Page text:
A lot or a little?
The parents' guide to what's in this movie.
What parents need to know
Parents need to know that Butter is an edgy comedy that pushes all sorts of boundaries. For the most part, it works, but for some viewers, the jokes may go too far into raunchy/offensive territory. Expect a steady stream of curse words (everything from "damn" to "s--t" and "f--k"), pot smoking by a teenager, drinking (mostly social), lots of references to sex, an older woman kissing a teenage girl, and some implied sex acts (complete with noises, if no actual nudity). Still, underneath the raunch is the heartfelt message that no matter how great the glory you're chasing, the rewards won't feel sweet unless you really love it and pursue it with good intentions and hard work.
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What's the story?
The world of Iowa butter carving can be dog-eat-dog. Its long-running king, the seriously creative Bob Pickler (Ty Burrell) -- whose masterpiece is a rendering of The Last Supper -- is a sweetheart, but he cowers at the ambition of his wife, Laura (Jennifer Garner). She sees a blindingly bright future for her and Bob, one filled with fame and fortune that could lead all the way to the White House. But when the powers that be tell Bob it's time to relinquish the throne and switch to judging so that other winners can be crowned, Laura is furious. Determined to keep the glory within the family, Laura decides to enter the competition herself. But first she must face the wrath of Brooke (Olivia Wilde), the stripper whom Bob has been romancing, and, more important, Destiny (Yara Shahidi), an 11-year-old foster child who may have finally found loving adoptive parents ... and who shows an amazing affinity for sculpting butter.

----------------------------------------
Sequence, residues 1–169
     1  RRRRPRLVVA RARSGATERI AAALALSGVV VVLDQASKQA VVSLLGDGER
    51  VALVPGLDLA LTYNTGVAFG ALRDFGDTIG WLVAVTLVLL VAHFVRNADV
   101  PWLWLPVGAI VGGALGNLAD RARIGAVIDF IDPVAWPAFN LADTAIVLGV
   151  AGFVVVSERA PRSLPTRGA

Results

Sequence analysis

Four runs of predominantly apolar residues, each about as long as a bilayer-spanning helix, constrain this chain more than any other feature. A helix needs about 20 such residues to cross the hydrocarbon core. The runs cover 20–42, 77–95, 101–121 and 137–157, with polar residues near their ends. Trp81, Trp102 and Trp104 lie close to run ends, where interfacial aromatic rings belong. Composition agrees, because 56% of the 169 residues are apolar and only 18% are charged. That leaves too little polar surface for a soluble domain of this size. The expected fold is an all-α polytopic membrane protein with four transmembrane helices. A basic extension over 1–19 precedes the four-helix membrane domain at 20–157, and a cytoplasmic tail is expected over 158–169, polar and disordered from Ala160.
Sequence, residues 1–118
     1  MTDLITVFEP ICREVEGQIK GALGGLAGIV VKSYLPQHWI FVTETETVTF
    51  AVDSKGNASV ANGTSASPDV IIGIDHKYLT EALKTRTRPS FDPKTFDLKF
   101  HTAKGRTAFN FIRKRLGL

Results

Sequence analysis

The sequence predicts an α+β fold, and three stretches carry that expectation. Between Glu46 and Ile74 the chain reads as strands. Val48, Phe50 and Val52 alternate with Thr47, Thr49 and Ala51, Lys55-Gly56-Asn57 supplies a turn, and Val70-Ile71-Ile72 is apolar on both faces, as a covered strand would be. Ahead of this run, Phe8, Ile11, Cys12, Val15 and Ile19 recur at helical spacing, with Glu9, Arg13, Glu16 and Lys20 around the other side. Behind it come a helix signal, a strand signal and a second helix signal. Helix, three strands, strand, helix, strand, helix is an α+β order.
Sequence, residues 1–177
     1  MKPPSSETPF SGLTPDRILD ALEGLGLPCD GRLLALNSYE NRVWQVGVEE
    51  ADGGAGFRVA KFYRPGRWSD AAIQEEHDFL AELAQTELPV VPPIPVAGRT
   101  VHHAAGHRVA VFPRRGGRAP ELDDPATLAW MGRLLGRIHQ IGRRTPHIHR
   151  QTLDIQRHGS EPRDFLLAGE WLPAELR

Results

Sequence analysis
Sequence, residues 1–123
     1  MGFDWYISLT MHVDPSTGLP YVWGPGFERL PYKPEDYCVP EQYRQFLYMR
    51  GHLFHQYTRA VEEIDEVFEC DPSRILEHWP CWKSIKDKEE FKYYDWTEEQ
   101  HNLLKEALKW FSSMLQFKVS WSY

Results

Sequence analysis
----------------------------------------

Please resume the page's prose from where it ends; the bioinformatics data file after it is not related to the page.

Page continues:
Is it any good?
Make no mistake -- BUTTER is an acquired taste. Its jokes are irreverent, its social comedy biting. An African-American child calls the Caucasian parents who are fostering her "crackers," for instance; a woman accuses the child of playing "the race card" when she decides to include Harriet Tubman in her display; and a teenager hooks up with an adult woman to spite her parents. The film teeters gingerly on a narrow tightrope. Lean one way, and it's crass; another, and it's self-conscious. Still, the movie stays upright the entire time, and that's a feat.
Garner continues to shed her good-girl image with her bracing turn as Laura, who's reminiscent of her equally prickly character in Arthur. At times she seems to have dialed up her performance to maximum volume when a more nuanced portrayal is called for, but all in all, she's hilarious. Wilde succeeds but less so; her Brooke is one note, but she delivers her lines with punch, so they land deftly. Ultimately, it's Shahidi who's the star here; Destiny is lovable but spunky, and not in an earnest way. Sometimes Butter feels like it's trying too hard, and there are so many characters to track that we're left with the feeling that key players -- Burrell, for instance, and Hugh Jackman -- were ignored. Still, Butter is worth sampling for sure.
Talk to your kids about ...
Families can talk about the appeal of edgy/raunchy comedies. Movies like Butter push a lot of limits to make audiences laugh. Does it work? Or does it cross the line? How can you tell the difference?
Why do you think Laura is so hungry for fame? Does the movie sympathize with her or not? Is she a role model?
What about Destiny? Does the movie minimize her struggles or empathize with her?
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